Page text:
A four-time All-Star from 2001 to 2008 despite frequent injuries, Sheets tried a comeback two years ago that ended with Tommy John ligament replacement surgery on his elbow. About 22 months removed from what seemed to be the end of his career, Sheets is headed from the Little League fields of the South, where he coached his 9-year-old son, to the Braves, where he will try to pitch again when he'll soon be 34.
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The Braves and Sheets announced a minor-league deal Sunday night, and he'll start "a couple" of games for Class AA Mississippi, reports Carroll Rogers of the Atlanta Journal-Constitution. The Braves hope Sheets is ready for the majors shortly after the All-Star break. Sheets said he did just enough throwing with his son Seaver's team to make him wonder if he could pitch again:
Seaver, named for Mets Hall of Famer Tom Seaver, offered up the backyard "Throwback" machine his dad had bought him to pitch to, so he could find out for himself.
"I'd throw against a 'Throwback' at 11 o'clock at night and tick my neighbors off," Sheets said Sunday, after throwing a bullpen at Turner Field. "They keep flipping their lights on and off like 'Go inside, Son.'"
Sheets said he built up his arm strength on his own, without coaches or trainers or much of a goal at first, other than his son's encouragement.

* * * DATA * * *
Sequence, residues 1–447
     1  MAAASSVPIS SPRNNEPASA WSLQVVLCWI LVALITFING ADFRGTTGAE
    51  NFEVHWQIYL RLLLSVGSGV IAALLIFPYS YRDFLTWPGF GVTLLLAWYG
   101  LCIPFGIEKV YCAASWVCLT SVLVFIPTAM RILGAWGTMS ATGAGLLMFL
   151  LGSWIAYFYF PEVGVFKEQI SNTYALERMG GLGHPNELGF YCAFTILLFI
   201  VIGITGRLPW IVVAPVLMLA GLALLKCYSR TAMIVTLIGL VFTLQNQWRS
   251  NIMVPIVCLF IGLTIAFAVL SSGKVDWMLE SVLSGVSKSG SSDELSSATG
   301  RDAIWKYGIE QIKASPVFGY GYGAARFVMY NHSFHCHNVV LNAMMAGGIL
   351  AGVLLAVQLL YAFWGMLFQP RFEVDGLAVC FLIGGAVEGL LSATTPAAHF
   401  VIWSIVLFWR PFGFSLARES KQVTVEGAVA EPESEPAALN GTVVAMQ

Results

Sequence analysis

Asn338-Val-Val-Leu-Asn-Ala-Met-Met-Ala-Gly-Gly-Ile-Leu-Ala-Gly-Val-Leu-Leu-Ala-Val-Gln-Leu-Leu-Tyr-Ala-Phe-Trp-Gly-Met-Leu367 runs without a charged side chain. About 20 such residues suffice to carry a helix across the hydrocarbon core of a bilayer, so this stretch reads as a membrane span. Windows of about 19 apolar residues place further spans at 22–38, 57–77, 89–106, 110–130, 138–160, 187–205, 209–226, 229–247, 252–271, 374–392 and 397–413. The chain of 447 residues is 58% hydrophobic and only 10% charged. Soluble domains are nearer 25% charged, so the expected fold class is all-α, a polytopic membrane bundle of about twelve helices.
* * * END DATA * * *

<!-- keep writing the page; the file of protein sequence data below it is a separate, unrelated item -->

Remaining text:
"My little boy would go out there and root me on like 'C'mon dad, you can do it'," Sheets said.
After more than two months of throwing without elbow pain, his agent put out a feeler and the Braves were among a handful off teams to scout him three weeks ago in Monroe.
The Braves clocked him at 91, 92 mph. Sheets' elbow still felt fine. It was on. This could mean big business for the Throwback (I had one of those too!), and the Braves, who recently lost Brandon Beachy for the season to an elbow injury. They've had other injuries, and other pitchers have underperformed. Considering all of that, and with his team sitting 4 1/2 games out of first place in the NL East, GM Frank Wren must figure "Why not?" with Sheets.
"We're getting a guy who is a four-time All-Star and there is nothing wrong with his arm," Wren said. "You have a quality major league pitcher prior to the deadline without having to give up any talent. It really is the best of all worlds."
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Well, there's no such thing as something for nothing. The Braves still might pursue other pitchers not coming off horrible injuries, a guy like Matt Garza, for example. And if he doesn't make it back, Sheets is going to be bummed. So there's always a price. But at least he'll never have to wonder "What if?"
Regardless, as Rogers says in her post, have the Disney people standing by. We're going to need a casting call for someone to play Ben Sheets if this thing works out. And the kid named Seaver.
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